With a little help from my friends

It’s official, the Eurovision Song Contest is coming to the United Kingdom in 2023 as a replacement host for Ukraine which tragically remains under attack from Russia. The cities shortlisted have now been published; Birmingham, Glasgow, Leeds, Liverpool, Manchester, Newcastle and Sheffield and we’ll find out more in the autumn.

These seven cities are all places I’m familiar with and all of them really could make it work. I do however have my favourites and my personal biases. If this is about size, then Manchester wins hands-down with its gigantic stadium that can hold up to 21,000 people, but size is not always what matters at the contest. In the past, places have been selected for all sorts of different reasons and the show is *almost* always a success, even tiny Millstreet in Ireland and Harrogate in the UK made it work, but things really are quite different now and size is undeniably one important factor.

More casual viewers may think the contest is a one night event, but it’s actually a multimedia, multilingual, multifarious showbiz juggernaut – one that takes a full year to effectively gestate. The selected venue must be exclusively available for several weeks before the grand finale in order to accommodate the elaborate stage construction and the various different shows for rehearsal, press, family shows and semi-finals. There also has to be adequate space to host a green room area and an international press centre, along with an adjacent zone for a ‘Eurovision village’ where faithful fans can party for the duration.

Here’s where I get biased. Liverpool’s waterfront was until very recently a World Heritage UNESCO site and this is where our largest stadium is located. The M&S Arena can seat around 11,000 people and has its own attached convention centre and access to an entire waterfront with many restaurants, hotels, access to the city centre and public transport. Everything in one place for all eventualities. This is on top of the fact that the city is in fact twinned with Odessa and is renowned for its friendliness and maritime history. It must not be forgotten that Ukraine actually won the contest in 2022 and their involvement and representation is crucial to the success of the event. Liverpool was selected as European Capital of Culture in 2008 and has amply demonstrated that it is an outward looking, dynamic city that can rise to any occasion and welcomes the world to its shores.

Mayor of Liverpool, Joanne Anderson: “We stand in solidarity with the people of Ukraine and would like the opportunity for Liverpool to host the 2023 Eurovision Song Contest and in doing so pay tribute to their wonderful country. We are an events city and no one can stage a party like us. Culture is synonymous with Liverpool and we tick all the boxes to be next year’s host… The event would become a beacon of hope around the world and we hope that Liverpool as an unrivalled music brand is given serious consideration by the decision-makers.”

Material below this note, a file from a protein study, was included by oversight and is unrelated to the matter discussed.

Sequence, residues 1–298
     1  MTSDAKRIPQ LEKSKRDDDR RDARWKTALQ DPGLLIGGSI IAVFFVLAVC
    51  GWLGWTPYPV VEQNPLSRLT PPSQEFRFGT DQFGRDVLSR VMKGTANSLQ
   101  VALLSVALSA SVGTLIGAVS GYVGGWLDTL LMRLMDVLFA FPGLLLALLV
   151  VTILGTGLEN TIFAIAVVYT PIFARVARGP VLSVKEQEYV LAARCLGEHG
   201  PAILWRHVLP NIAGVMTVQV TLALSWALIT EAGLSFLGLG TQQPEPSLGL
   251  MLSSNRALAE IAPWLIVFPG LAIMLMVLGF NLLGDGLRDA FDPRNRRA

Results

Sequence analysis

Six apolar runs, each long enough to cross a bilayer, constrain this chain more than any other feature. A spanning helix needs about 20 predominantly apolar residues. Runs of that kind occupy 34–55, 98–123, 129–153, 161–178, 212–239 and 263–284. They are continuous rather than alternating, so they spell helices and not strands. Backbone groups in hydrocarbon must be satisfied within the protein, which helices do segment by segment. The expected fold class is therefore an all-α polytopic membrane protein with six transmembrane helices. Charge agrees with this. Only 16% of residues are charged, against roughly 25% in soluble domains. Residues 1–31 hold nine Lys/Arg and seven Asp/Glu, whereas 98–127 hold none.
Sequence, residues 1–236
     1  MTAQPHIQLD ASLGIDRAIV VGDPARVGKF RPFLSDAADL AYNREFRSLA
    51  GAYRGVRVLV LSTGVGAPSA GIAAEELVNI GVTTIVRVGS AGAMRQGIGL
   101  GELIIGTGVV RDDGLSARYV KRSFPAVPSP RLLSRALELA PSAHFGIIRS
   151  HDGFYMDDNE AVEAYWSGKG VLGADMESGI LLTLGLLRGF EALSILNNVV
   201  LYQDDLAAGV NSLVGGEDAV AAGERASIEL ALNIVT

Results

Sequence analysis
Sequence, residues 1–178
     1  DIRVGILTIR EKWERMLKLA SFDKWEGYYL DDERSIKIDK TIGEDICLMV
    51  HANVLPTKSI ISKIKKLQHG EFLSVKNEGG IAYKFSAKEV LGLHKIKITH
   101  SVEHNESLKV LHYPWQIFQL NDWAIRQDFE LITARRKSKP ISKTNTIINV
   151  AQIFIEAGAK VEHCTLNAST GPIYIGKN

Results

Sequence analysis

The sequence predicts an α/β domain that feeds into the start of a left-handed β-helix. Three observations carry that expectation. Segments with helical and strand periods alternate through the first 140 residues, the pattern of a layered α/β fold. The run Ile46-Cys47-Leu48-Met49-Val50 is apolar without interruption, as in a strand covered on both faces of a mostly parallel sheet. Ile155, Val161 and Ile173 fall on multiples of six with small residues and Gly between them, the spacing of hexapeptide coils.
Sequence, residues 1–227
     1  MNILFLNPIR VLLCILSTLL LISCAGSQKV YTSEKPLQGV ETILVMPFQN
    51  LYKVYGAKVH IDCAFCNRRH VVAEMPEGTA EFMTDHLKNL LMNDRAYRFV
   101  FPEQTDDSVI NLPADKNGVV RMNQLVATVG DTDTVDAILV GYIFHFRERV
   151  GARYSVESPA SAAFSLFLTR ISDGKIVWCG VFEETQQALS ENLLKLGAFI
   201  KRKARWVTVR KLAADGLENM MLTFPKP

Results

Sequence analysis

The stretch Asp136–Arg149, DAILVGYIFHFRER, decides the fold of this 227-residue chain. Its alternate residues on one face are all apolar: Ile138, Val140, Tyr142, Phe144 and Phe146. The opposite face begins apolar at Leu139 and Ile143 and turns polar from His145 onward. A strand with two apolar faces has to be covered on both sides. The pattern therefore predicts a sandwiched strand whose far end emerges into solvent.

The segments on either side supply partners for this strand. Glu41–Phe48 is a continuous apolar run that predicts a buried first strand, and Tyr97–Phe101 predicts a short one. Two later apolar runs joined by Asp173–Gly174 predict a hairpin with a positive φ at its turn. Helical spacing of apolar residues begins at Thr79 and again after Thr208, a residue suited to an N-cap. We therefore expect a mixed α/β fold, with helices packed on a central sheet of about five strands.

The European Union also has some interesting things to say about Liverpool as a credible host city on the official page for the Eurovision Song Contest.

Liverpool’s undeniable musical heritage is something that cannot be overstated and it remains one of the city’s unique attributes. Liverpool gave birth to the Fab Four (The Beatles – though The Real Thing, Echo and the Bunnymen and many others could also claim that title) and their legacy remains evident and relevant to this day. There are so many Beatles’ song titles that could work as a theme for the contest in 2023 – ‘We can work it out’, ‘All you need is love’, Let it be’ and All together now, (a song that also shares its title with that of another anthem by another Liverpool band, The Farm.)

For me however, with my creative hat on and an eye for branding potential, it has to be ‘With a little help from my friends’. This Beatles song from 1967 is known by virtually everyone and thanks to various cover versions, including one by Wet Wet Wet in 1988, is cross generational. With its perennial theme of collectivism, compassion and care, the song’s theme is as relevant today as it ever was, perhaps even more so now, as Europe needs to demonstrate a united front against invading aggressors. This is something that song can sometimes do better than anything else.

We’ve got the venue, the energy, the people and the will to make this happen, and with a little help from our friends, we really can. Sing along now…

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